Sir Louis started the move the sword into the sheath.

“Noooooooo!” Pleeeeeze! Nooo…”

Sir Louis moved the sword faster. It was quiet! Nothing but forest sounds!

“Now,” said Sir Louis. “What I was going to say is that we’re going to slay a dragon.”

“Slay a dragon!” the sword exclaimed. “Hah! You’d have more luck catching a unicorn!”

Sir Louis tried to remember how he had shut the sword up before. His mind went blank.

“Slay a dragon! Don’t you know anything? I faint at the sight of blood! And do know how swords faint?”

“No!” screamed Sir Louis, somehow out-voicing the sword. “And I don’t want to! I’m boss and we’re slaying a dragon!”

“Alright,” said the sword. “There’s a dragon’s den a mile back.”

Upon reaching the den, without resting a second, Sir Louis charged in. The dragon, which had been sleeping, was awakened by his loud battle cry. Sir Louis charged in, headed straight for the dragon. The sword was calling, “And the dragon strikes! And the knight parries! Now the knight strikes! And he misses! And the dragon’s claw scratches the knight’s hand! And… it’s… blood… and…”

Then the sword hit the dragon, and bent. Then it grew limp. Then it flopped all over the place. Finally it dripped to the floor.

Sir Louis looked at his empty hand. Then at the dragon, which was blocking his way out.

Sir Louis smiled a broad grin, showing all his teeth.

Then Sir Louis ran, dodging this way and that. Somehow, he passed the dragon, exiting the cave just in front of the flames the dragon breathed.

Sir Louis didn’t hesitate; he ran straight for town. After about a mile he slowed down.

Sir Louis thought about all the money he had wasted on that silly, useless sword. Oh, well. Sir Louis shrugged his shoulders, and walked on.



Ok, I admit. This story isn't exactly Nebula material. My protagonist has some rather distressing anger management issues, for one thing. There's also the matter of his unexplained forgetfulness and the itsy, bitsy detail that the premise of the story was lifted from one of my brothers' D&D games. All the same, I'm impressed at the cohesion I managed to attain at that age.

I also showed a decent amount of business sense, making sure to give myself author and illustrator credits on the title page. I even included an "About the Author" section, because... you know... Branding!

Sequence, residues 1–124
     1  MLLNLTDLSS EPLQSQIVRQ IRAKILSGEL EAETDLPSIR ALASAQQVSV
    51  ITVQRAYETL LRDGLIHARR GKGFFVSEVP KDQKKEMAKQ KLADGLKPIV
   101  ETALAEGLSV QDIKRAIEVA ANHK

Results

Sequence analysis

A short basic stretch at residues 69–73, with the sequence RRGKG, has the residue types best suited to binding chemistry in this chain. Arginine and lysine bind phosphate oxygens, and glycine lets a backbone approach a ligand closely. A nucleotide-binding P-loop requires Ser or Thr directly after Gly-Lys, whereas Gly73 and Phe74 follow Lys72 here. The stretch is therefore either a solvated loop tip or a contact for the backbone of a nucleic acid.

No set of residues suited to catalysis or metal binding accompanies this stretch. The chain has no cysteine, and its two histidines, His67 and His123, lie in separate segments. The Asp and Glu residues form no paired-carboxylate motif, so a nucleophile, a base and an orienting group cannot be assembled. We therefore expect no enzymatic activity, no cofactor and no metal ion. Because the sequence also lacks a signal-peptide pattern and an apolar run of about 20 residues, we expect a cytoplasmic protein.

Of course, as we all know, the most important question regarding any work of fiction is: Did it please the target audience? On this point, I leave my readers to judge for themselves.


( 6 comments — Leave a comment )
Floris Kleijne
Feb. 13th, 2013 07:41 pm (UTC)
POV perfection
Given that Sir Louis is apparently a complete idiot with, like you said, a mild case of amnesia, afasia, and anger management issues, you must give yourself credit for maintaining perfect POV...
Feb. 13th, 2013 08:21 pm (UTC)
Re: POV perfection
Well, either that, or my 9-year-old self had a lot of issues she wasn't consciously aware of... :)
Feb. 14th, 2013 06:02 am (UTC)
As an armature collector of children's writings, I love this. It is free of our mental restrictions; self-doubts and fears! (I once thought of creating a web site, to display such items, in a .jpg format. I gathered about a dozen pieces, and put them up for the kids to show their friends and classmates, but never followed through, beyond that.)

The "Green forevers" is so natural. We should consider changing our motto from "The Evergreen State", to "The Green Forever State"!

And, why shouldn't the hero have common, everyday issues? After all, how do we feel after a long day of shopping for just the right item, and dealing with high pressure sales persons? Sometimes the protagonists are just too, too... :o)

I'd have given you an "A" also!

Feb. 16th, 2013 11:45 am (UTC)
I'm glad you enjoyed the story!

It's a really great idea, to have a place where children can share their creative projects with others. I'm quite pleased to see that Barnes & Noble's self-publishing branch has opened up a couple of kid-friendly services. :)
Feb. 14th, 2013 08:22 pm (UTC)
Heeheehee! I read it through, which is more than I've done for many stories I've started. :)
Feb. 16th, 2013 11:44 am (UTC)
Tee hee! Thank you. I'm glad you enjoyed it. :)
( 6 comments — Leave a comment )




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Nancy Fulda is a 2012 Hugo and Nebula Nominee, a Phobos Award winner and a Vera Hinckley Mayhew Award recipient. She is the first (and so far only) female recipient of the Jim Baen Memorial Award. Her fiction has appeared in a number of professional venues.